Nation citizen Brian Barlow holds a squash in a Walmart store
in Tahlequah. Barlow is integrating the Cherokee language
into the store by translating the produce section into Cherokee
and placing Cherokee phonetics, community level phonetics
and the syllabary on produce labels. (photo by Kenlea Henson
- Cherokee Phoenix)
word for plums is written in the Cherokee language in the
produce section of Walmart in Tahlequah. Cherokee Nation citizen
Brian Barlow has worked with a Cherokee language specialist
to translate Walmarts produce into the Cherokee syllabary,
phonetic and community level phonetic. (photo by Kenlea Henson
- Cherokee Phoenix)
Nation citizen Brian Barlow stands next to a bank window that
has words written in Cherokee on it. Barlow says the Cherokee
language has become more and more important to him since being
involved with the tribe more in the past several years. (courtesy
TAHLEQUAH Cherokee Nation citizen Brian Barlow was awarded
a $10,000 Dreamstarter grant in 2017 to make a difference in his
community. Since then, hes been working to integrate the Cherokee
language into the towns Walmart.
Growing up in the CN capital, Barlow said hes seen less
and less of the Cherokee language being used, especially among the
youth. Through language classes in high school and tribal activities
such as the CN Youth Council and Remember the Removal
bicycle ride he said learning the Cherokee language has become important
to him. So when he heard about the Dreamstarter grant he knew it
would be the perfect opportunity to put forth his vision to engage
more youth with the language.
His idea was to integrate the language into Tahlequahs
Walmart by translating the produce section into Cherokee and placing
Cherokee phonetics, community level phonetics and the syllabary
on produce labels.
You can grow up in Tahlequah and not know any Cherokee,
and I dont think that should be acceptable. You should at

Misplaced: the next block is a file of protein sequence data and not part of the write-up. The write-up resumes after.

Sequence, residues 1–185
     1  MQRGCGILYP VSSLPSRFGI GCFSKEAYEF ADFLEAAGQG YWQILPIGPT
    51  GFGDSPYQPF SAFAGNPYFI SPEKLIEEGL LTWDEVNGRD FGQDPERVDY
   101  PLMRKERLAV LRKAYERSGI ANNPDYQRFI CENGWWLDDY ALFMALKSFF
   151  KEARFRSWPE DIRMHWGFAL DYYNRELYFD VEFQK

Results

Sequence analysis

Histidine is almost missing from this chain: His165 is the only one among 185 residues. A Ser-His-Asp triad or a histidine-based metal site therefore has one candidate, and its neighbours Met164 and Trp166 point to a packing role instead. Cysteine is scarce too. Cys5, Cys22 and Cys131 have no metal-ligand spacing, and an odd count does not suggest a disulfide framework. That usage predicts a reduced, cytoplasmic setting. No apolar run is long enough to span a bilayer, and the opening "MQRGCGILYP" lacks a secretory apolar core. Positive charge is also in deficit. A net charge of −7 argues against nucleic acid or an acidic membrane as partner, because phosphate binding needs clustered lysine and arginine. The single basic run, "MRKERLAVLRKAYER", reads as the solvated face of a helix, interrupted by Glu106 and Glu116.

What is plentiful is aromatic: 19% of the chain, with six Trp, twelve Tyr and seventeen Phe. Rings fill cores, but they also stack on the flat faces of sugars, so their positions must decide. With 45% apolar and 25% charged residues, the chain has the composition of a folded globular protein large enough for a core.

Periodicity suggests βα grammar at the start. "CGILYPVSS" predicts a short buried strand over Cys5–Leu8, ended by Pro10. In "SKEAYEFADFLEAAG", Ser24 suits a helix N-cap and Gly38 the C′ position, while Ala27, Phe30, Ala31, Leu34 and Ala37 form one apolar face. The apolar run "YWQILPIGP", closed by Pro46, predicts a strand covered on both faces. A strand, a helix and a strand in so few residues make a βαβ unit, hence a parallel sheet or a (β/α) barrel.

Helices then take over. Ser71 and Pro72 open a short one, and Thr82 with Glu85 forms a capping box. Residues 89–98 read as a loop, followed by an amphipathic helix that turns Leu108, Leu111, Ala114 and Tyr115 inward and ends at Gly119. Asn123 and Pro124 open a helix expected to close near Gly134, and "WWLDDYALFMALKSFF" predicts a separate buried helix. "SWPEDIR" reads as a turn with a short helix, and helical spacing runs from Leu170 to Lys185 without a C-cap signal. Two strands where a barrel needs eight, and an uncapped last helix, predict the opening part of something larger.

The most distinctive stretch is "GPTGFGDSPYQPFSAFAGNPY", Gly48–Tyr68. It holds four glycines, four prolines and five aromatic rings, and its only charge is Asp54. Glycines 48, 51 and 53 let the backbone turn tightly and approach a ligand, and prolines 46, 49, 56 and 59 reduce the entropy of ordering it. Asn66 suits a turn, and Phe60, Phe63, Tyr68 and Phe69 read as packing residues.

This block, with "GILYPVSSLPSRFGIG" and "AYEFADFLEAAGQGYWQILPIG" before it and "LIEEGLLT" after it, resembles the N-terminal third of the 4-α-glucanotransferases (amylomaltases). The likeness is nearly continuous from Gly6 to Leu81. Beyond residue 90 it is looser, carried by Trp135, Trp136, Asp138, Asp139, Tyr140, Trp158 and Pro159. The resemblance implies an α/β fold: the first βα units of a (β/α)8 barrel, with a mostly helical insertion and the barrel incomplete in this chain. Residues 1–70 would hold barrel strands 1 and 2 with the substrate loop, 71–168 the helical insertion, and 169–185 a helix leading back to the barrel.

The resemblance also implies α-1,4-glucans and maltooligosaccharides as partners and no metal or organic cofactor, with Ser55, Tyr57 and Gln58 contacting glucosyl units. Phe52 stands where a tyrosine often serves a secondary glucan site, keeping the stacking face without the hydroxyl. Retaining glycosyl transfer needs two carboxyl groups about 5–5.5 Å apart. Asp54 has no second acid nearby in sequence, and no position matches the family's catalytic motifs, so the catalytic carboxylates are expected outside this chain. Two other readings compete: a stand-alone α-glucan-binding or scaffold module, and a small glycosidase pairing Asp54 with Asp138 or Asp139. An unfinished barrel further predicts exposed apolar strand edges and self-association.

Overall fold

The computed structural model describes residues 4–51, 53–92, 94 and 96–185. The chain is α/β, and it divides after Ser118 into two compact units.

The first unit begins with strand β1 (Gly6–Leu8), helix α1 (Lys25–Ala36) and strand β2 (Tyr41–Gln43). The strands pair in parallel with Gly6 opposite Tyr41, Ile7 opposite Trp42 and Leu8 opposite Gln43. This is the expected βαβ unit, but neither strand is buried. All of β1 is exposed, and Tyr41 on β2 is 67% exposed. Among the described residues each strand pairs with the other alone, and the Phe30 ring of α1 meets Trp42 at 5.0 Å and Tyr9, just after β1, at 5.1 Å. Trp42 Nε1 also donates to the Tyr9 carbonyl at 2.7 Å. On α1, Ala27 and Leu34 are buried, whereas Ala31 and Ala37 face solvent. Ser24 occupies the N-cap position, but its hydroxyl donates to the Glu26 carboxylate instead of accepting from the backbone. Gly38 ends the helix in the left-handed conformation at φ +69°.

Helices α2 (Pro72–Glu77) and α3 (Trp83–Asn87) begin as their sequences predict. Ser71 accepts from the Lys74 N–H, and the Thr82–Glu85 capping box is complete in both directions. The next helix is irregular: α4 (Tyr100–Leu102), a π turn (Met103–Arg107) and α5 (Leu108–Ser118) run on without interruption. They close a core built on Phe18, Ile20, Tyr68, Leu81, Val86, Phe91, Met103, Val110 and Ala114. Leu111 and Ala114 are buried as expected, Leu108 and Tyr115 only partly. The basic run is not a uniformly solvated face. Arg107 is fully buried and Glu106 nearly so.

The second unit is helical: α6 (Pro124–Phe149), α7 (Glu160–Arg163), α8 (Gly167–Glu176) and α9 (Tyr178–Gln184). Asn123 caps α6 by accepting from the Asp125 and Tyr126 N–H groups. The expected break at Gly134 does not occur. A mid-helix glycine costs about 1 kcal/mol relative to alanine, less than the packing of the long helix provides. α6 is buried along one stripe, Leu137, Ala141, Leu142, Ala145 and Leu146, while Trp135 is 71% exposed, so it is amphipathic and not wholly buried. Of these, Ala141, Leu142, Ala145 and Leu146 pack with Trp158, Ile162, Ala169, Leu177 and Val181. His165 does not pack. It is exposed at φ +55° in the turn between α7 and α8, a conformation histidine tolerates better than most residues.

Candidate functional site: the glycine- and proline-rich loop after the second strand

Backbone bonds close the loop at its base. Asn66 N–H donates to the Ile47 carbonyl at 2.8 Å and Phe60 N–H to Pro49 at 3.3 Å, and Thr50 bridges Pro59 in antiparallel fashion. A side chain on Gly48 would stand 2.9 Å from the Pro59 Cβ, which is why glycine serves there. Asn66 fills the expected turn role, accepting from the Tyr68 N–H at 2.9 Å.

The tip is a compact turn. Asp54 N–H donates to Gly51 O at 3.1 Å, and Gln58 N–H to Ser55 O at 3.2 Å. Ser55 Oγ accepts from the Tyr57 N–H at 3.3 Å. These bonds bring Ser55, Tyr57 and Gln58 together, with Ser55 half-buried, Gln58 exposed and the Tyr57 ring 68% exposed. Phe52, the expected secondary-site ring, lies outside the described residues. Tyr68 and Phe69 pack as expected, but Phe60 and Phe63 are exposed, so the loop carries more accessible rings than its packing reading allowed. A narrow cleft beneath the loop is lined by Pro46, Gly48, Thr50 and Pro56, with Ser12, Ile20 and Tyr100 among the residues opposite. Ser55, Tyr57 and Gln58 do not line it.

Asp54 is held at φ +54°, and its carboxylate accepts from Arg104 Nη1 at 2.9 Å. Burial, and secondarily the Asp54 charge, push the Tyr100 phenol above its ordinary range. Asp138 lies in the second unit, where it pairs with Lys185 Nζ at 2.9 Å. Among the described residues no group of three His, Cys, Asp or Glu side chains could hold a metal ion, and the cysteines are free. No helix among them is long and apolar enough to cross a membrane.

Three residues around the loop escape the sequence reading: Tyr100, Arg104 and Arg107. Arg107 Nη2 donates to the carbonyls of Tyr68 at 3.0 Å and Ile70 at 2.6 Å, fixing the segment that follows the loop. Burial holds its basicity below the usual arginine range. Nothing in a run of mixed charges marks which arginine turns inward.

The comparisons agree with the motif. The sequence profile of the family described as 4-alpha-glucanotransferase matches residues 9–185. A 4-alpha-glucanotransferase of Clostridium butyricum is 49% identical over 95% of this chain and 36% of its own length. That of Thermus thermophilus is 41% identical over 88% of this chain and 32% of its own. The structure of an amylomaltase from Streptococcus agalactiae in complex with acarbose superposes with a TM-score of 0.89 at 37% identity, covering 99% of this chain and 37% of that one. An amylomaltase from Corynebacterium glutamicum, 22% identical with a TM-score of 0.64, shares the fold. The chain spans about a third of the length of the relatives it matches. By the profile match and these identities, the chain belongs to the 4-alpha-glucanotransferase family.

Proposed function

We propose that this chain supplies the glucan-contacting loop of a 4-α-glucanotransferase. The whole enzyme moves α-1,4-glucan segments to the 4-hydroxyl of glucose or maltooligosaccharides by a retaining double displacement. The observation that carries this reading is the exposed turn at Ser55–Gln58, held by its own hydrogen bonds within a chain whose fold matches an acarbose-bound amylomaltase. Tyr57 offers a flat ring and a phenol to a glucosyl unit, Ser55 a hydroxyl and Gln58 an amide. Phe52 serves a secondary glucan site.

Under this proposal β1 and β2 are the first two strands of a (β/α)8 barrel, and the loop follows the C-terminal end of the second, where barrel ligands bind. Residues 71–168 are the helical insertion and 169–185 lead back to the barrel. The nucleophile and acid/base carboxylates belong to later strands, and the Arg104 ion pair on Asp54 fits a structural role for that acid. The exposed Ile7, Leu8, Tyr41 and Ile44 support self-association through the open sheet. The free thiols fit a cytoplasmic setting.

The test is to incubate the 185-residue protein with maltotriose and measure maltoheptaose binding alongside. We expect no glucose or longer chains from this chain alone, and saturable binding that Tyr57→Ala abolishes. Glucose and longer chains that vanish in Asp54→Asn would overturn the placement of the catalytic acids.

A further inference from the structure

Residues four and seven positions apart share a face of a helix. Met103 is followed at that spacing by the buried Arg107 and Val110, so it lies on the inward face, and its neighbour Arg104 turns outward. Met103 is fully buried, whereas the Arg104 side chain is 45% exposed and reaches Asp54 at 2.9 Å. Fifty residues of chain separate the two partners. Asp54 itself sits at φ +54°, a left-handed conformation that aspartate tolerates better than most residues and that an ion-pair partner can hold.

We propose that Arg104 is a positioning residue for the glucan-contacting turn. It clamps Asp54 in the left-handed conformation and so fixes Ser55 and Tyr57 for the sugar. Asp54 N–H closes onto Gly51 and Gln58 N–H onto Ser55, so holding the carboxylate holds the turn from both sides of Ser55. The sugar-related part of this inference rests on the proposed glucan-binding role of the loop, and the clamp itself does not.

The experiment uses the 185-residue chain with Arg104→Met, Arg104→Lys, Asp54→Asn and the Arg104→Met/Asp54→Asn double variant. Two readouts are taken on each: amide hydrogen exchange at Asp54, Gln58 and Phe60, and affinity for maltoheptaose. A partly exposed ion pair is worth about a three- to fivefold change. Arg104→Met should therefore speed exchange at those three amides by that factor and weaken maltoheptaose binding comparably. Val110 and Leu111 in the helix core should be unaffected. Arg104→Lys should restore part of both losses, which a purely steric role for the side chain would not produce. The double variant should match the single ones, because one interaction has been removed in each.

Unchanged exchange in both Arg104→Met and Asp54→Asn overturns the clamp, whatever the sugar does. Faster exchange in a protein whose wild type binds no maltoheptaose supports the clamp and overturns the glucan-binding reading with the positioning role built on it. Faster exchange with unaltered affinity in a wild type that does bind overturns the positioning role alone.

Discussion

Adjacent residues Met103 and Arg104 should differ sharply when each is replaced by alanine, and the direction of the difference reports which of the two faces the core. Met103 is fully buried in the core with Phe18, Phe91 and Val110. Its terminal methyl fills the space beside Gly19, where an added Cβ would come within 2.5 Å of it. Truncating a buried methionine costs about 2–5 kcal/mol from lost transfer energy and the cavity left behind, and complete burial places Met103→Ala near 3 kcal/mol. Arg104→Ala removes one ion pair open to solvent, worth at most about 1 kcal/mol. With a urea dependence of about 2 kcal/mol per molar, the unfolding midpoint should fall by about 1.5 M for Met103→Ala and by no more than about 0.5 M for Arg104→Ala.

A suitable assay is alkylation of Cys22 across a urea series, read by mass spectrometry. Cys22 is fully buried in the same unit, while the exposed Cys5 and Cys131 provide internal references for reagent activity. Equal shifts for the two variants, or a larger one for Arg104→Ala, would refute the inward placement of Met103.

least know some words, Barlow said. So the idea is to
revitalize the language by putting it into the grocery store where
like grandma can take grandbaby to the grocery store and use it
as a teaching tool.
He said using phonetics rather than just the syllabary simplifies
it and make words easier to learn.
Syllabary can be confusing if you dont know how
to read it. Syllabary is really cool. Dont get me wrong. Sequoyah
was a genius, but I just dont think people have time to learn
it. So putting the phonetics in would help the learning process,
The Dreamstarter Grant is through Olympic gold medalist Billy
Mills organization Running Strong for American Indian Youth.
Each year, 10 American Indians under the age of 30 are awarded the
grant to aid nonprofit projects that will benefit their communitys
youth in some way.
Since receiving the grant, Barlow has worked with Cherokee language
specialists John Ross and Roy Boney Jr. to get Walmarts year-round
produce translated into Cherokee. As of now, he is working with
Walmarts marketing and licensing department to get the produce
labels to code.
If his idea is successful in Tahlequah, Barlow said he hopes
to implement the Cherokee language in other Walmarts in other Cherokee
communities such as Stilwell and Jay.
However, his vision isnt stopping there. He also said
working with a company like Walmart could open opportunities for
other Native tribes to put their language in their local Walmart
I think it would help tribal communities across the U.S.
Everyone has to eat. We all have to go to the store and get food,
so what better way than to the put language where the food is,
Barlow said he hopes to have the Cherokee language on produce
labels in Tahlequahs Walmart by Thanksgiving.
Nation citizen Brian Barlow squats next to produce in the
Walmart in Tahlequah. He is using a $10,000 grant to integrate
the Cherokee language into the stores produce section.
(photo by Kenlea Henson - Cherokee Phoenix)
Nation citizen Brian Barlow sits at a desk with a computer
showing types of produce in English, Cherokee phonetics, community
level phonetics and the Cherokee syllabary. Barlow hopes to
revitalize the Cherokee language by putting it Walmart so
it can be used as a teaching tool. (courtesy photo)